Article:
Two Minute Review: Blue Jasmine

Over on Twitter, I gave my quick and dirty assessment of Woody Allen's latest film:

Permit me to elaborate. As I've mentioned before in these pages, I'm a committed admirer of Allen's work. His films over the last fifteen years have been uneven, at best, but there are some beauties sprinkled in there. Match Point and Vicky Cristina Barcelona are fabulous, and 2011's Midnight in Paris compares favorably to anything you'll see from his peers.

The flip side of that coin is that Allen has written and directed some stinkers -- You Will Meet a Tall Dark Stranger, anyone? -- but the best thing about Woody is that you only have to wait a year, and he'll have another movie for you to pick over.

Which brings us to Blue Jasmine, starring Cate Blanchett as the title character. Jasmine is a Manhattan socialite who has her world tossed asunder when her husband (ably played by Alec Baldwin) is sent to prison for his role in various financial shenanigans. Broke, and broken, Jasmine moves to San Francisco to live with her working class sister, Ginger (Sally Hawkins).

Allen moves the narrative forward in very focused fashion, skilfully weaving flashbacks of Jasmine's previous life (relaxing in the Hamptons, for example) with her struggles to adjust to her new life. It is well-written, with all the hallmarks of an Allen comedy, including very strong performances by an ensemble cast. No performance is stronger than Cate Blanchett's.

Frankly, I wouldn't be surprised if Blanchett were to win her second Academy Award next month. (No, I'm not really stepping out on a limb there. Blanchett just won the Golden Globe for this role.) She is engaging from the time she makes her first appearance on screen, seated on an inbound flight to San Francisco, as she bores the woman next to her with a barely-uninterrupted commentary on everything that has gone wrong with her life. Blanchett's Jasmine is never particularly likable, but somehow, she becomes eminently sympathetic throughout the course of the movie. If not a direct homage, the film was clearly inspired by A Streetcar Named Desire. More than once, I saw Vivien Leigh's Blanche DuBois in Jasmine.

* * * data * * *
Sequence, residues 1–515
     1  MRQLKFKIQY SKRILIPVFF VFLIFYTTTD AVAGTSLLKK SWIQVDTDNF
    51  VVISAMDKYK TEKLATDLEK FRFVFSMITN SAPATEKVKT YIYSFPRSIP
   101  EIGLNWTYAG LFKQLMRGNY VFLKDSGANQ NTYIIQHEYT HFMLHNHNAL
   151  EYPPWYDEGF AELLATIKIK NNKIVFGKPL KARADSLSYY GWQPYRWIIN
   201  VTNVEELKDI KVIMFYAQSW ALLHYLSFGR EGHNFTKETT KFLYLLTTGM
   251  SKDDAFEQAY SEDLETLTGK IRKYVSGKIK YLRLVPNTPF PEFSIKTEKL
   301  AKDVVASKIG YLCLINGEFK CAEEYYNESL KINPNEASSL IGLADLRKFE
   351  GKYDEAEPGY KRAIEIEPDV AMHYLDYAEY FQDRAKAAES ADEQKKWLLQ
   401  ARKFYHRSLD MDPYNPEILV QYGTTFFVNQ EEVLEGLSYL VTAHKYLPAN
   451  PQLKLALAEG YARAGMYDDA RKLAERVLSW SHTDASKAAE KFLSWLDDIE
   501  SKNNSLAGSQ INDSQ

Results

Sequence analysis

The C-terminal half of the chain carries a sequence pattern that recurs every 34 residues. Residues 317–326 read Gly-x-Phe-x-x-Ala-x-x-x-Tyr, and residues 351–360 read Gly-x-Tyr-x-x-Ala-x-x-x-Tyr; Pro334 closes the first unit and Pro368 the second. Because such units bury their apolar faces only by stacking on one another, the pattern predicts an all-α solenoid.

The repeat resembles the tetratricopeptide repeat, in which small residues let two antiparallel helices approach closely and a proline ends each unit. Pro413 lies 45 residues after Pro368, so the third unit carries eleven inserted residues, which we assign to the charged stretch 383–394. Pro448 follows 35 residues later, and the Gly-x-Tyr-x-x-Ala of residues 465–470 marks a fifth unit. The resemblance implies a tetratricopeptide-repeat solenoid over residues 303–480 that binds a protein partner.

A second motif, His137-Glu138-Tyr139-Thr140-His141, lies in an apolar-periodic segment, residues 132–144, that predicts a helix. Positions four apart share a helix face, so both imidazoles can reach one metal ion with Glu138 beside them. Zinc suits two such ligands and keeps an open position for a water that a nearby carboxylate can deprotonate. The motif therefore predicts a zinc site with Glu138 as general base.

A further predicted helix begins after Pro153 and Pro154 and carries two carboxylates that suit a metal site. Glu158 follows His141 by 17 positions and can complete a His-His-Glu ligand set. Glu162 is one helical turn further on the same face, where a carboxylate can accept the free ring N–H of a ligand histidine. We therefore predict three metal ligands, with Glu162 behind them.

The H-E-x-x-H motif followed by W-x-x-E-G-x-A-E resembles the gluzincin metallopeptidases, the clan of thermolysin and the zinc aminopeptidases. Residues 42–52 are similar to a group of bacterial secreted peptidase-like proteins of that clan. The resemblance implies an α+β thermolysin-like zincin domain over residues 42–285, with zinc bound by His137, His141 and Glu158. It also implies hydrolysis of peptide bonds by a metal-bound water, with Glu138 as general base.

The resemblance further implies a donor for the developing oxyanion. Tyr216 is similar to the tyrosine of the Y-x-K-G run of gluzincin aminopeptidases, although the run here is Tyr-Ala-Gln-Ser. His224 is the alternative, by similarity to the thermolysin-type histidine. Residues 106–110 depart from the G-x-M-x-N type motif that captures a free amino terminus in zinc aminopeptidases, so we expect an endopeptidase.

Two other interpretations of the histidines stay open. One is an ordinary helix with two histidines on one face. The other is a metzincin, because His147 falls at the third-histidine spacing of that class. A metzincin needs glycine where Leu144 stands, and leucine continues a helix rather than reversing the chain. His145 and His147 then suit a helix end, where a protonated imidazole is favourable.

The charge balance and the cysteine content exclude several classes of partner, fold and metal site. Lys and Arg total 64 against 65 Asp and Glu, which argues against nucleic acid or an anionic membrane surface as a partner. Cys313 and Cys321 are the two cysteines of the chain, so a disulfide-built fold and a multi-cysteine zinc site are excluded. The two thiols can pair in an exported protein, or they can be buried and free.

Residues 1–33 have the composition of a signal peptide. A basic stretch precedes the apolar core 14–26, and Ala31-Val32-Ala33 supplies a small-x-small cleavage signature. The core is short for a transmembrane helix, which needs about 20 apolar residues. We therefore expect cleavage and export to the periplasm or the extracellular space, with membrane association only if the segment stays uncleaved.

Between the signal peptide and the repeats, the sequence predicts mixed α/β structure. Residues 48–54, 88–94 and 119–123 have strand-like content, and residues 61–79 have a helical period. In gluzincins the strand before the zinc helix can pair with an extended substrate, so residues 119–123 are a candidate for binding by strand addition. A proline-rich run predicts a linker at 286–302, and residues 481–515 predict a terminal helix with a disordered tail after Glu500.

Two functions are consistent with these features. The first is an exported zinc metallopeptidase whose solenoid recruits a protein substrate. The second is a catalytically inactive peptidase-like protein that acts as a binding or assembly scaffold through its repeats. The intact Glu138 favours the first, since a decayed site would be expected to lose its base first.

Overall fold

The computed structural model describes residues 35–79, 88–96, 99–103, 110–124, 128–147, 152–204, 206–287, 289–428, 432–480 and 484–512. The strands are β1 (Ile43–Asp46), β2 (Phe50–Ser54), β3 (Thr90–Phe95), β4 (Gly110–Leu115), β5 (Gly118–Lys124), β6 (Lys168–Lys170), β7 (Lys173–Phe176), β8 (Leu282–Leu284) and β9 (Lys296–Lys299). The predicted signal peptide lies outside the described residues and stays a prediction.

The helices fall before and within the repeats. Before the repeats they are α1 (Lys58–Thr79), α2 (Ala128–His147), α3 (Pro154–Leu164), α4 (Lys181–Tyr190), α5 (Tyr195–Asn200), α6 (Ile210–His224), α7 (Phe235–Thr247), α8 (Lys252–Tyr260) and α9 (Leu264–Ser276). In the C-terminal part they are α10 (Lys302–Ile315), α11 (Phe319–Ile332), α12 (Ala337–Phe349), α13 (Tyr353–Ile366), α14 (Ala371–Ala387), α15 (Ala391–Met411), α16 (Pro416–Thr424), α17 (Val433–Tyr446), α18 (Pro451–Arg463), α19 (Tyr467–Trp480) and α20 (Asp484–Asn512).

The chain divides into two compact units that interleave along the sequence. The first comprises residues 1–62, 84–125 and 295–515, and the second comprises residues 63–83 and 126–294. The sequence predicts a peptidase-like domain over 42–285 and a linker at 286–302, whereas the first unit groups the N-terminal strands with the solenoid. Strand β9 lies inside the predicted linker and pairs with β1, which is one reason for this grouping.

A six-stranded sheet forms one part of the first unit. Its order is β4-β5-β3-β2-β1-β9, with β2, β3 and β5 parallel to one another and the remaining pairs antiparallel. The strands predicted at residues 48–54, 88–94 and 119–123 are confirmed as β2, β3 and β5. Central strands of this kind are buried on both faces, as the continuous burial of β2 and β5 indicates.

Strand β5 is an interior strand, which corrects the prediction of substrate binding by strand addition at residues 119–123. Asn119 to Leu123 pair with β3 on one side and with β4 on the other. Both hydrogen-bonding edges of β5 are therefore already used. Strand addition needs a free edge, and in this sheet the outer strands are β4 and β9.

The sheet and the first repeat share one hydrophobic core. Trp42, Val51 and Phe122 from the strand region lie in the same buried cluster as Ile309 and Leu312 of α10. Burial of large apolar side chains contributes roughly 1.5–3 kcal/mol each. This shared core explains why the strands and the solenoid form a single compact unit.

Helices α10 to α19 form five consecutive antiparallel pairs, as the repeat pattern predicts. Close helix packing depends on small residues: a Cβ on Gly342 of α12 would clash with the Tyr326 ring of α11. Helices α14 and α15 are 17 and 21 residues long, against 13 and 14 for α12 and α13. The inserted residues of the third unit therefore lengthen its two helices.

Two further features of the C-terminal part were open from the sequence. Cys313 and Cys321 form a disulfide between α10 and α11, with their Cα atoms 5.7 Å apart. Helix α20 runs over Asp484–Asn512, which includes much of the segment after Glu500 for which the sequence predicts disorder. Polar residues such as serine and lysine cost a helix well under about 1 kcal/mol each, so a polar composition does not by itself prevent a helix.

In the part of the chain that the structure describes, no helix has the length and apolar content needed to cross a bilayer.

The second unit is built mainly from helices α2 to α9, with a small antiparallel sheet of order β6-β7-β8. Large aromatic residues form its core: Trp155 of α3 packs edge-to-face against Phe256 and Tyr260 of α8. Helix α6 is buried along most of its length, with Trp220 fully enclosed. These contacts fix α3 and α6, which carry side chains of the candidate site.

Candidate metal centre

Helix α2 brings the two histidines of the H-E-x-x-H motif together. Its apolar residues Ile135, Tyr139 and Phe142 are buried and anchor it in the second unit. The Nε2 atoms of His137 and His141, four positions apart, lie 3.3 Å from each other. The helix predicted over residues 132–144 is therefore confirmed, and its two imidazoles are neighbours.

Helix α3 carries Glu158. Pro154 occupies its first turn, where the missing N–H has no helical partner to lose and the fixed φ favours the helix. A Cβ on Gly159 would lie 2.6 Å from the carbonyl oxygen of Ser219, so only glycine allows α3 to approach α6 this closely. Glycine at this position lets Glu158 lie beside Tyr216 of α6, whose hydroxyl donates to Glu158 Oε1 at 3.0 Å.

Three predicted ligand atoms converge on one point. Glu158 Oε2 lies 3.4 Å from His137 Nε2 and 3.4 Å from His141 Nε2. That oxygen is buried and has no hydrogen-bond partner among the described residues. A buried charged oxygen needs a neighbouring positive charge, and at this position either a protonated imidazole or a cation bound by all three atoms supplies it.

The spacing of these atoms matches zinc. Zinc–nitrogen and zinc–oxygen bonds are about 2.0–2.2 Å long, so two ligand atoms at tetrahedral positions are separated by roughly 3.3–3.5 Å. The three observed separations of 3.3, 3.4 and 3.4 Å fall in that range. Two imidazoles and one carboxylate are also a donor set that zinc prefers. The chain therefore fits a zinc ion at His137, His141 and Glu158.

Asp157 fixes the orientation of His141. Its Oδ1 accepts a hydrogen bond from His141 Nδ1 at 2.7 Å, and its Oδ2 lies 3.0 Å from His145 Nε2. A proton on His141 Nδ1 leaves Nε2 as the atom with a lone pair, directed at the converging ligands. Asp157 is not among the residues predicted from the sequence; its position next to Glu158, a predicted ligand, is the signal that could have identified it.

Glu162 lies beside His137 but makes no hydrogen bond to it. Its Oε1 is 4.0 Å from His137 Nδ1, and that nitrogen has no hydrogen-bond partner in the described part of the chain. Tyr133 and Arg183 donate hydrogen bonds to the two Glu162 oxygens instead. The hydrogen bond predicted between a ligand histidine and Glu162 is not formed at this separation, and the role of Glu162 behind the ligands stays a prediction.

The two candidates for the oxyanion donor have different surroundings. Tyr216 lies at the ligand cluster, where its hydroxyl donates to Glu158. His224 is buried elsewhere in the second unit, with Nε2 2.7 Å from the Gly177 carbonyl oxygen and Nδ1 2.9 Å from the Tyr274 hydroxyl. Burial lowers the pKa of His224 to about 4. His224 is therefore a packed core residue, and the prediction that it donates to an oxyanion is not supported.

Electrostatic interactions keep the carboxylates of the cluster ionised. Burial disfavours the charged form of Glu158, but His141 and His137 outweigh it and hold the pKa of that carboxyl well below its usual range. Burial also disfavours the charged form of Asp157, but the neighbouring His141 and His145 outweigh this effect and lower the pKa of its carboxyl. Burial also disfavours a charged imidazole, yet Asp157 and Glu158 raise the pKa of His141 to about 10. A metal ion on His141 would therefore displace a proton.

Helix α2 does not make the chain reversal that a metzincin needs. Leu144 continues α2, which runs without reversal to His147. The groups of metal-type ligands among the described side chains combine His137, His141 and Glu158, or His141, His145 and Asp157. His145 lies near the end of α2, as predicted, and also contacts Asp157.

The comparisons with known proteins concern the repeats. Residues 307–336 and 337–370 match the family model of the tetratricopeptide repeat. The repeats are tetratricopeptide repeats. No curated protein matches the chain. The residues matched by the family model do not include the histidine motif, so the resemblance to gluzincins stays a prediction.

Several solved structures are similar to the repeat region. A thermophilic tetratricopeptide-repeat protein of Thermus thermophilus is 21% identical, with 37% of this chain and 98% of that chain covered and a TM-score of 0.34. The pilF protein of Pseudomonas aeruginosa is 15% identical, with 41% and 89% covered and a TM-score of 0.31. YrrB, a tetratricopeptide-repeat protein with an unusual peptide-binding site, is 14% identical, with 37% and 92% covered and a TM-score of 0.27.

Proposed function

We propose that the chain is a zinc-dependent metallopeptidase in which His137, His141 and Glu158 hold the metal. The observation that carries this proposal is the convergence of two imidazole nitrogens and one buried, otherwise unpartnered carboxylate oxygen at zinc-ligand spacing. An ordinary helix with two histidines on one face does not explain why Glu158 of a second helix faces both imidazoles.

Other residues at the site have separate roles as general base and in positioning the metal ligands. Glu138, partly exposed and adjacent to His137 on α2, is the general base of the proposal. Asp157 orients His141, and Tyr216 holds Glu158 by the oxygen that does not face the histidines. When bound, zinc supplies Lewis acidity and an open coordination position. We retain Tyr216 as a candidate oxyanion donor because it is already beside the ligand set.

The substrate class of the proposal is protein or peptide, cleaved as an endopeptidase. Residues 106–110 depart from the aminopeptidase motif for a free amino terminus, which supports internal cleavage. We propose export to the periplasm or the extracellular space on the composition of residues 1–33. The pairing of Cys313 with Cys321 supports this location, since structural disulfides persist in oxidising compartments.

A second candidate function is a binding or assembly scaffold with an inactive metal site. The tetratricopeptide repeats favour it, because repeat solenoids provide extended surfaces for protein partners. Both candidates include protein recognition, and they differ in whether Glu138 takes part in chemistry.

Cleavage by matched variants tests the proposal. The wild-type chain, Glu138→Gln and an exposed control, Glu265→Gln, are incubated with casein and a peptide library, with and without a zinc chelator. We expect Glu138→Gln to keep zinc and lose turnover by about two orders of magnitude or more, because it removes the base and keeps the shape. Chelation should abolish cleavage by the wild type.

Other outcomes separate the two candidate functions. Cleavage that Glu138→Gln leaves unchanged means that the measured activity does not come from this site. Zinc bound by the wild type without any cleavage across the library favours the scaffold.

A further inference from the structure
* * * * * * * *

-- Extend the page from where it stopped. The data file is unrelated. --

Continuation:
The most surprising performance, as you may have heard, came from Andrew Dice Clay, as Ginger's ex-husband. Clay is legitimately good here, even if he didn't utter a single nursery rhyme in the entire film. Also good was Louis CK, as a seemingly-sweet guy who woos Ginger.

My only quibble is that some of the working-class dialogue didn't seem to ring particularly true, but that's a small criticism. Blue Jasmine is well-executed, and is a worthy addition to the Woody Allen filmography. By almost any measure, Allen remains near the top of his game, a formidable filmmaker still, after nearly five decades in the game.

Ten Second Movie Review: Midnight In Paris

Midnight in ParisDirector: Woody Allen Writer: Woody Allen Stars:Owen Wilson, Rachel McAdams and Kathy Bates

I saw this film one week ago today, in Richmond, VA, and perhaps the best way to describe Midnight in Paris is to say that I haven't been able to quit thinking about it since.

I'm a confessed Woody Allen-phile (to coin a term), but his recent efforts have certainly been mixed. Vicky Cristina Barcelona and Match Point stand up to anyone's best work, but while I enjoyed films such as Scoop, Melinda and Melinda, and Whatever Works, no one is comparing any of those to Annie Hall.

I won't compare Midnight in Paris to Annie Hall, because that's not fair -- Annie Hall is the best romantic comedy that has ever been made -- but Allen's latest is a brilliant film in its own right. Owen Wilson stars and, while I may have made a different casting choice here, he is better than you would expect as the hack screenwriter who dreams of literary success and becomes intoxicated by Paris. Rachel McAdams is lovely, as always, as Wilson's fiance, and Marion Cotillard is perfect as...well, she plays Adriana, and I won't reveal too much about her character.

The most memorable performances are by Alison Pill, as Zelda Fitzgerald, and Corey Stoll, as Ernest Hemingway. That should give you an idea of the direction this movie takes, and it absolutely works. It's a reflection upon nostalgia versus living for the present. That certainly isn't a unique theme, but Allen has put together one of the best films I've seen in a while. It's proof that Woody Allen remains capable of moving work.

Five stars out of five. Must see.